British Cycling’s Podium Programme riders Bradley Wiggins and Chris Froome moved another step closer to sealing a Tour de France 1-2 after covering off a dangerous move from Vincenzo Nibali in the Pyrenees.
The Italian (Liquigas-Cannondale) made his dig on the final climb of the Col de Peyresourde, accelerating away from a reduced peloton on the steep first-category ramps.
Wiggins and Froome were the only riders to react, the Great Britain duo working together to shut down the threat on what proved to be a brutal mountain stage.
The trio rode into the finish in Bagneres-de-Luchon together after solidifying their podium positions over their rivals on a scorching day in Southern France.
Up ahead Thomas Voeckler (Europcar) spent the day in the break before taking his second solo stage victory of the race, fending off Chris Anker Sorensen (Saxo Bank-Tinkoff Bank) by one minute and 40 seconds for another famous victory.
The day did not go to plan for defending champion Cadel Evans (BMC Racing), the Australian dropping almost five minutes to the yellow jersey after being distanced on the day’s final two climbs.
Wiggins retains a lead of 2:05 over Froome, and 2:23 over Nibali, after the first of a tough mountain double-header in the Pyrenees.
After the stage Wiggins, spending his tenth consecutive day in yellow, summed up the test, speaking to teamsky.com he said: “It was hot out there today – probably the hottest day we’ve had all Tour – and coming a day after the rest day, everybody responded differently to it. As a team we passed the test again. We were fantastic and it was an ideal scenario putting even more time into Cadel. We couldn’t get rid of Nibali – he was strong out there – but it was a great day.
“Vincenzo is a class bike rider and has won the Vuelta and been on the podium at the Giro, so you can never underestimate him. It was nice to finish with him and be able to take everything he could throw at us.”
Despite putting more time into the majority of his rivals, Wiggins insisted that threats to his lead remained, adding: “I don’t think everyone else has let us go. Tomorrow is another day, and another challenge, and then everyone’s thoughts will turn to the time trial – which is as significant as a mountains stage in itself. Today’s another day ticked off though and tomorrow’s a whole other day.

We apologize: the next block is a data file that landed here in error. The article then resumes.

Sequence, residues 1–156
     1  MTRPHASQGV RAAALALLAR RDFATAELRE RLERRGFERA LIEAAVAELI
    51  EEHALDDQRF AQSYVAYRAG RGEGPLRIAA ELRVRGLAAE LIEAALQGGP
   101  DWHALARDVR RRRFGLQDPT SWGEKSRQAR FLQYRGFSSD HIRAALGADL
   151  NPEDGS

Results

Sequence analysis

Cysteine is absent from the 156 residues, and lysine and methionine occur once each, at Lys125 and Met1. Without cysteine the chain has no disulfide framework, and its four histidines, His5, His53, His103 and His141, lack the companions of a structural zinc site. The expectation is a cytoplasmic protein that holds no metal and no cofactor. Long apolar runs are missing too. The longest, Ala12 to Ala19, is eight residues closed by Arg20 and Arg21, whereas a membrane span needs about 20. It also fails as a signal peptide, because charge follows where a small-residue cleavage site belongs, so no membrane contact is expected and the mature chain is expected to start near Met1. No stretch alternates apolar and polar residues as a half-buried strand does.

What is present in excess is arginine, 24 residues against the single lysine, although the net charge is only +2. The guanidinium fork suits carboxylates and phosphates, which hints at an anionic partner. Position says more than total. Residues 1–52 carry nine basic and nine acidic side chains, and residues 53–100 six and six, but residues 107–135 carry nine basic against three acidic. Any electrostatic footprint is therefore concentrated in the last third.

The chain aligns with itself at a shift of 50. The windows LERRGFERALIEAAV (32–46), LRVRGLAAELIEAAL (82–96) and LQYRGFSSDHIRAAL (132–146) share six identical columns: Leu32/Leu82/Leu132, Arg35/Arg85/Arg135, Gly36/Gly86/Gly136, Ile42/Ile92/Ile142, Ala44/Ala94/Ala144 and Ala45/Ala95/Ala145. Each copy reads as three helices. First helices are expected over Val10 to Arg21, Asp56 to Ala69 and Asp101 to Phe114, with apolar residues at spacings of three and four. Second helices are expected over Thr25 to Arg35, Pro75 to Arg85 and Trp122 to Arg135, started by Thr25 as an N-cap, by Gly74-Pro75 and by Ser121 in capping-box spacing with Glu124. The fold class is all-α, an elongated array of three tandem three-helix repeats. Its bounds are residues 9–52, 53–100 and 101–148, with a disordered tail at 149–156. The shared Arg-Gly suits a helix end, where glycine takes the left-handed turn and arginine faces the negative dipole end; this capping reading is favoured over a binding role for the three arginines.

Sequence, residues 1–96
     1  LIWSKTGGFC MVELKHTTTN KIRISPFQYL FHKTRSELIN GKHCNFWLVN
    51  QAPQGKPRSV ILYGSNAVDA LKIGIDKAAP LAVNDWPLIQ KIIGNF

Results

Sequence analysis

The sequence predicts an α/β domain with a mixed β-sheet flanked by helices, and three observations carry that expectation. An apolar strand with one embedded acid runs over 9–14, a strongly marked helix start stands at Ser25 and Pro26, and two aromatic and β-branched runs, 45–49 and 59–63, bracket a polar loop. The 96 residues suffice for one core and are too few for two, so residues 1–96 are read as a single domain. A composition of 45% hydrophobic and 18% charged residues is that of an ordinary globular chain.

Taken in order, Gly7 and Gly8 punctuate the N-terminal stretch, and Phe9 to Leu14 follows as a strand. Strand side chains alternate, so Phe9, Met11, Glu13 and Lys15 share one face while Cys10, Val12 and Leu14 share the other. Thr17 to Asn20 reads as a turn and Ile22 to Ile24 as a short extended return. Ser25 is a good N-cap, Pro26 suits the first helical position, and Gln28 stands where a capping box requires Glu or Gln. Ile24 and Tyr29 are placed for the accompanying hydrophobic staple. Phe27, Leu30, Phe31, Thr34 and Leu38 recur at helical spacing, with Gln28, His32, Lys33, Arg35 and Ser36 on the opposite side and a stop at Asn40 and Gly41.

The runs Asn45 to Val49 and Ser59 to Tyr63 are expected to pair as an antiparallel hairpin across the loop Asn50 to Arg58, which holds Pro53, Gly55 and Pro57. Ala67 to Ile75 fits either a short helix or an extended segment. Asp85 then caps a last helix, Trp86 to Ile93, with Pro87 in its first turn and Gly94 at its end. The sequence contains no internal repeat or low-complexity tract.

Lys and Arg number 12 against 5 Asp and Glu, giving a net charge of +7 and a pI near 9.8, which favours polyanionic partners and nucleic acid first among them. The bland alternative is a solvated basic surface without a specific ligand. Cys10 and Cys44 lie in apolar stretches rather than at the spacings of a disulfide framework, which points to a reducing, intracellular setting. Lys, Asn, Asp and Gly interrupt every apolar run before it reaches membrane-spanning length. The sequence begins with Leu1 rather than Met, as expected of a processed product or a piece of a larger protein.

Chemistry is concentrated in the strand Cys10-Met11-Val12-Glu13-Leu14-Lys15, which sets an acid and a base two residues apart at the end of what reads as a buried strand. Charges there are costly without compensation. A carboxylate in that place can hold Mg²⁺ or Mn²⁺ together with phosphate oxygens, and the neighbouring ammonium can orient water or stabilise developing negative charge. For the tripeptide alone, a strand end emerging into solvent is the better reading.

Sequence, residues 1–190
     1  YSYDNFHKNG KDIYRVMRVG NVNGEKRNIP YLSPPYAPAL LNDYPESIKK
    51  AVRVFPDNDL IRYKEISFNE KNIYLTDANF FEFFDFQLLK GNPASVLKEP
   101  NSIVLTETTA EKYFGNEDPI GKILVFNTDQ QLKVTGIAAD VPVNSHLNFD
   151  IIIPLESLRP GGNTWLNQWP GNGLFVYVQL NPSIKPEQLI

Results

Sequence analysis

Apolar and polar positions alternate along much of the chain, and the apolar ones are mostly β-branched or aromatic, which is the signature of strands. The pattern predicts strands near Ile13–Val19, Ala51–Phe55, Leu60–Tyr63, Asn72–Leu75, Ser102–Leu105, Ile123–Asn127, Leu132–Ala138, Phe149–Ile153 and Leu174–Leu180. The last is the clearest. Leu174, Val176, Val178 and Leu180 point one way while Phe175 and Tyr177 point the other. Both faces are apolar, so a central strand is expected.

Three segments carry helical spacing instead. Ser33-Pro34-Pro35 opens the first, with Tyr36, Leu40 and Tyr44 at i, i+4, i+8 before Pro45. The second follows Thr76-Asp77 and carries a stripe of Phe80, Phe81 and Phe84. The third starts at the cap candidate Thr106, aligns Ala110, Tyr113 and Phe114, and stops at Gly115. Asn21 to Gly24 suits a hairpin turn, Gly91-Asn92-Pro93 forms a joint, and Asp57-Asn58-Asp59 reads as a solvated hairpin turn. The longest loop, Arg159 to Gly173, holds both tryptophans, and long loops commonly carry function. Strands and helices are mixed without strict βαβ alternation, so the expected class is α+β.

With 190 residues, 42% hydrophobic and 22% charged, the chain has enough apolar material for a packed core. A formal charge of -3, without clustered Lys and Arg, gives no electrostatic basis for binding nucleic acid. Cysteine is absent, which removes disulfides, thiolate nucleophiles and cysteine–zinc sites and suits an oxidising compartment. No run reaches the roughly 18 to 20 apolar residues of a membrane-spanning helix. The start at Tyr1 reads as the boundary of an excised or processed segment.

“We’ll get tomorrow out of the way first before we can even begin to think about Paris. Tonight the process starts again with recovery, massage, rehydrating, and then warming down to ensure we’re good to go again in the morning.”
After a fast start an abnormally large breakaway group of 38 riders went clear as the race headed out of Pau, the action resuming following the second rest day.
The fight for the polka dot jersey provided an interesting sub-plot to the stage, with overnight leader Fredrik Kessiakoff (Astana) joining rivals Voeckler and Sorensen in the break on a day which saw big points on offer over four categorised climbs.
Team Sky returned to the front of the bunch to set a rhythm throughout the day, Christian Knees and Edvald Boasson Hagen working hard on the front as the riders crest the hors-categorie Col d’Aubisque and Col du Tourmalet climbs.
Wiggins’ rivals were weary of attacking too early, but on the penultimate climb over the Col d’Aspin, Nibali’s team arrived on the front to push the pace, a move which put Evans into difficulties and thinned out the peloton.
While up ahead Voeckler pushed onwards, Liquigas-Cannondale and Lotto-Belisol took up the pace-setting duties on the approach to the Peyresourde. Nibali finally put in a burst of acceleration, Froome and Wiggins closing the gap briefly, before kicking again.
The trio came back together towards the summit of the climb before Nibali attacked one final time, this time Wiggins putting the power down to swiftly stamp out the threat.
The race continues on Thursday with another mountainous 143.5km from Bageres-de-Luchon to Peyragudes.
Results of stage 16
1 Thomas Voeckler (Fra) Team Europcar 5:35:02
2 Chris Anker Sörensen (Den) Team Saxo Bank-Tinkoff Bank 0:01:40
3 Gorka Izaguirre Insausti (Spa) Euskaltel - Euskadi 0:03:22
4 Alexandr Vinokourov (Kaz) Astana Pro Team
5 Brice Feillu (Fra) Saur - Sojasun 0:03:58
6 Jens Voigt (Ger) RadioShack-Nissan 0:04:18
7 Daniel Martin (Irl) Garmin - Sharp 0:06:08
8 Simone Stortoni (Ita) Lampre - ISD
9 Giampaolo Caruso (Ita) Katusha Team
10 Laurens Ten Dam (Ned) Rabobank Cycling Team 0:06:11
General Classification after Stage 16:
1 Bradley Wiggins (GBr) Sky Procycling 74:15:32
2 Christopher Froome (GBr) Sky Procycling 0:02:05
3 Vincenzo Nibali (Ita) Liquigas-Cannondale 0:02:23
4 Jurgen Van Den Broeck (Bel) Lotto Belisol Team 0:05:46
5 Haimar Zubeldia Agirre (Spa) RadioShack-Nissan 0:07:13
6 Tejay Van Garderen (USA) BMC Racing Team 0:07:55
7 Cadel Evans (Aus) BMC Racing Team 0:08:06
8 Janez Brajkovic (Slo) Astana Pro Team 0:09:09
9 Pierre Rolland (Fra) Team Europcar 0:10:10
10 Thibaut Pinot (Fra) FDJ-Big Mat 0:11:43